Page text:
The UK and UK's plcs have major problems too, mirroring the problems of private households, with debt and unfunded or underfunded pension funds high on the list (only 3 companies in the FTSE 100 said to have fully funded pension schemes).

The country is in trouble and there will be a downturn as there is enforced saving (further tax hikes and belt tightening). Maybe no direct link to the housing market but the boom prices will not survive generally bad times.

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Big debtors aren't people you see on a tabloid TV show - they are everywhere.

Kids are leaing Uni in the thousands, often with loans that would have bought a BMW.

People are mewing and using the house as an ATM, or at least carrying lots of personal debt smug in the knowledge that their backs are covered by their house.

People are in debt because banks have invest billions in advertising and PR to bamboozle and hookwink them into the 'debt is good' culture.

If people start paying back their debts - even if it's just a few thousand pounds each - en masse the effects on the economy will be huge. When they were creating the debt, the money was funding a raft of goods and services goes out of circulation.

That spare 200 quid in the consumer's pocket that was going to spent, now goes back to the bank (with lots of interest added sucking yet more money out of circulation). As some people simply cannot repay their debts, banks decide not to lend so much and there's less fresh debt-money entering the system and it all goes rapidly pear shaped.

Retailers are already calling it the 'worst trading for 15 years' just because people are spending just a small % less than last year. Like individuals business need to keep making MORE money to keep on top of their own borrowings.

In a debt economy no one can just shrug their shoulders and say, 'Oh well, less money around, nevermind, no harm done'.

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Guest Charlie The Tramp

Hi Charlie ! I agree there is plenty to be worried about. Many are taking big risks, some without even really understanding it. But not all gambles are destined to fail. Any FTBs who can afford something (e.g.me) are also gambling by staying out of the market. If I bought a house and it dropped, it would p1ss me off, but I would survive, but if I don't buy and they rise I am truly shafted !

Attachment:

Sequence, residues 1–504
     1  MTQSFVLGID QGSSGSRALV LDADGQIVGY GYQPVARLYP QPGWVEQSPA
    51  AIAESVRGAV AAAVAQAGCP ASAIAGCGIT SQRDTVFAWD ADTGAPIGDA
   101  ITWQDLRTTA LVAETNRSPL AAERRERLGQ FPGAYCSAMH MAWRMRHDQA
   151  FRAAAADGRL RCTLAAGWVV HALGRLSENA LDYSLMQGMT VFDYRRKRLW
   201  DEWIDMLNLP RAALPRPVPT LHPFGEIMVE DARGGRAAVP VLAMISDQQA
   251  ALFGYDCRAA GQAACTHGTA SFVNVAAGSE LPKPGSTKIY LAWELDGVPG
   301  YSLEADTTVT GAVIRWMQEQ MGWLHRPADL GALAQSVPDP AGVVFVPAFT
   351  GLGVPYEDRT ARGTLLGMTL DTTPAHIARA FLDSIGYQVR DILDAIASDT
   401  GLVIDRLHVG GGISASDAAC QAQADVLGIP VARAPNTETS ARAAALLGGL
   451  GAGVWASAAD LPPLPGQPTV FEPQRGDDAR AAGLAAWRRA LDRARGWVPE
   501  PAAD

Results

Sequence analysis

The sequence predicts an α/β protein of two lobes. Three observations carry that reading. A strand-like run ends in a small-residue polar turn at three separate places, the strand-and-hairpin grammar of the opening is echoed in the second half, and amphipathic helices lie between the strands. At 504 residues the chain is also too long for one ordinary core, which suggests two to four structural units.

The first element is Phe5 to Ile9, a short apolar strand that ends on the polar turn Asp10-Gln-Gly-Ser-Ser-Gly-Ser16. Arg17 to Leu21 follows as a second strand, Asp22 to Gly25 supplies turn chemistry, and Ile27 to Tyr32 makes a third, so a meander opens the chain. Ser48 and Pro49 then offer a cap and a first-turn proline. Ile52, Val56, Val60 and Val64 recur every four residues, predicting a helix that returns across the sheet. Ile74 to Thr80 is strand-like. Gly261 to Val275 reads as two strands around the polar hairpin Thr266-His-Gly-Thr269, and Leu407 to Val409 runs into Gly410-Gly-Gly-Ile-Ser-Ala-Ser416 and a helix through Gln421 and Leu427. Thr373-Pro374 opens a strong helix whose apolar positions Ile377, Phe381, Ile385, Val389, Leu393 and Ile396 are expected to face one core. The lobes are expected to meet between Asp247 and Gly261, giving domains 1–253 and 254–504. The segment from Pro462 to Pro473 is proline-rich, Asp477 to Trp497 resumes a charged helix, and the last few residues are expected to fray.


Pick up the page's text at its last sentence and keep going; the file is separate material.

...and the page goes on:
:o

I agree each and everyone of us has to make decisions which will affect our lives for good or bad.

All the properties I have purchased in the past were purchased as a home and not as an investment.

Personally I cannot believe that this HM will not return to sanity as IMO just a 0.75% rise in IRs and I dread to think how many will be knackered with the amount of mortgge debt and MEW they have taken on. The important thing if you decide to buy and think it would not cause any financial hardship with the above rise in rates, and the property you buy is located where you feel you could stay for a long period as your home, then I would say take that chance. In the last correction neighbours of mine bought at the top and within 3 years went into 40k negative equity. In no way were they worried saying to me we bought it as our home and here we will stay. Six years later they finally crossed to the right side of the line and are still perfectly happy where they are today. If you have a reasonable pension to come and I know you have a good job, one I believe was a wise choice then you should be okay. Where there are diseases wrongmoves are always required. Good luck whatever you decide you only have one life.

My intention when I go to that other world is to buy as many BTLs as I can and screw you lot when you join me. :P

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I'm not sure its as bad as the doom mongers say, but there certainly a greater willingness to borrow money than our parents and less stigma with debt and bankcruptcy.

The lenders could get a nasty shock if more and more people opt to go insolvent rather than pay back their lavish debts. Someone I know recently went bust owing more than £40,000 on credit cards, it took twelve months & cost £500.00 and now shes free from debt and all the worries that went with it.

The thing I find amusing is that companies are willing to lend knowing the persons income capacity and how much they owe. In my friends case they would never of been able to pay that back and it took a visit to an accountant that made her take the decision to go insolvent. I really hope some of these lenders get burnt.

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This has always been so. What is unique about today's level of debt ? Remember, IRs are still "historically low" and they don't appear to be going up significantly any time soon.

Low interest rates are no panacea, higher interest rates can actually be useful because they're accompanied by higher inflation, that's the only thing that has historically bailed people out when it comes to debt, this is in essence the "property ladder", but that brings its own problems of potential devaluation and destabilisation. Is better to service a debt at 10% with 6% inflation than at 6% with 2% stated inflation, when wages rise servicing the debt is no problem.